The upcoming book by Elizabeth Edwards, the long-suffering wife of former presidential candidate John, will be “an unsentimental and ultimately inspirational meditation on the gifts we can find among life’s biggest challenges,” reports Fox News' Roger Friedman. Titled Resilience, the book will come out in May, and yes, it will deal with her husband's affair with documentary filmmaker and former floozy Rielle Hunter, and how Elizabeth "experienced it," according to a publicist.
Writing about such a painful, humiliating personal experience is hard enough for anybody. But Edwards has made it her trademark to try to deal with adverse, awful situations with grace and optimism. She would have, we've always thought, made a phenomenal First Lady. And — with the exception of the fact that she helped hide her husband's affair while he was a candidate, thus betraying her staff and de facto lying to the country — she's been entirely successful. Her first book, Saving Graces, was self-effacing and touching. Her determination in the face of cancer was inspirational. And that time she politely hung Ann Coulter out to dry on live television, well, that was masterful.
Edwards will surely want to get back that poise with her new book — she won't want the last note of her public life to be the deceit over her husband's affair. But the problem is, everything about his liaison with Hunter is classless, from the affair itself, conducted on planes and in hotel rooms paid for by donors, to John's constant, smug lying. The former senator let his closest aides sacrifice themselves for his ambition and hubris, and now there's a baby out there who looks just like him, cared for by a mother who doesn't work and depends upon the charity and protection of friends.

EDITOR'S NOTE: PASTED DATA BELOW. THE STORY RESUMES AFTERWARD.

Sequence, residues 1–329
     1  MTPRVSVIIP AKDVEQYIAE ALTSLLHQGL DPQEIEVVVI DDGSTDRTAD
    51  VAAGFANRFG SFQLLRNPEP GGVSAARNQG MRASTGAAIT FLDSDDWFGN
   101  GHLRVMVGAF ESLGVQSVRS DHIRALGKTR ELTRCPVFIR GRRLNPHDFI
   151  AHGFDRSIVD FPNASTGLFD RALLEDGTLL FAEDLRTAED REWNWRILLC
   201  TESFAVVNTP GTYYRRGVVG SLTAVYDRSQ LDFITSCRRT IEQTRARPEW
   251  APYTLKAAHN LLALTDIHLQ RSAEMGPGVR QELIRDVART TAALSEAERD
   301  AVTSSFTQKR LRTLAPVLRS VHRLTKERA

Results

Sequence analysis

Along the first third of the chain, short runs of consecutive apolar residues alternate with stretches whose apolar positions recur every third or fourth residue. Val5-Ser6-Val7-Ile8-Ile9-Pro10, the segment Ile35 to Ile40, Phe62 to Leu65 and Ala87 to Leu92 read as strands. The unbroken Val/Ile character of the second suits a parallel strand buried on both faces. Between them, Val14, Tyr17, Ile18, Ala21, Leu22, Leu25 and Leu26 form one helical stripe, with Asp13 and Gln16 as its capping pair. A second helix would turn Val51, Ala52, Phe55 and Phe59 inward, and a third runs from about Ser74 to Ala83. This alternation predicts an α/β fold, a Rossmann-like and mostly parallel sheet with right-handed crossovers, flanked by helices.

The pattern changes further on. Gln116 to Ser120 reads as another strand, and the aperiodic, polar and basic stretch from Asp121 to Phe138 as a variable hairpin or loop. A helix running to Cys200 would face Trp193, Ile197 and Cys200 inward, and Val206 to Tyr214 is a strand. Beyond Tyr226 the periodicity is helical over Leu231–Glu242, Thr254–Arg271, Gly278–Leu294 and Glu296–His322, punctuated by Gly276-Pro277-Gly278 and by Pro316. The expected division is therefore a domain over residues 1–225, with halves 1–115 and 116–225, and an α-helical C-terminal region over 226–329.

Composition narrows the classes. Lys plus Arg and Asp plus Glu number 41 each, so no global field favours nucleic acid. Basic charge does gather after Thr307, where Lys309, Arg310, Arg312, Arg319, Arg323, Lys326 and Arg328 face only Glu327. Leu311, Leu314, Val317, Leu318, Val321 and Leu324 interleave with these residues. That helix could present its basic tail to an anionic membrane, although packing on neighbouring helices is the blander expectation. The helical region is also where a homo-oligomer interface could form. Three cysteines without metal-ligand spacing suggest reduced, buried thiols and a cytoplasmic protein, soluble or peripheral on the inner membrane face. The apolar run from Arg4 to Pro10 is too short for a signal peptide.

In short, Elizabeth's husband behaved monstrously, as did the younger, healthier woman who targeted him because of her obvious obsession with fame and power. How does one deal with that gracefully? The short answer is, one doesn't talk about it at all. But that's a little too old-fashioned for the plain-speaking Elizabeth Edwards. We look forward to reading her book, even though we know no matter how well written or thoughtful it is, we'll be cringing.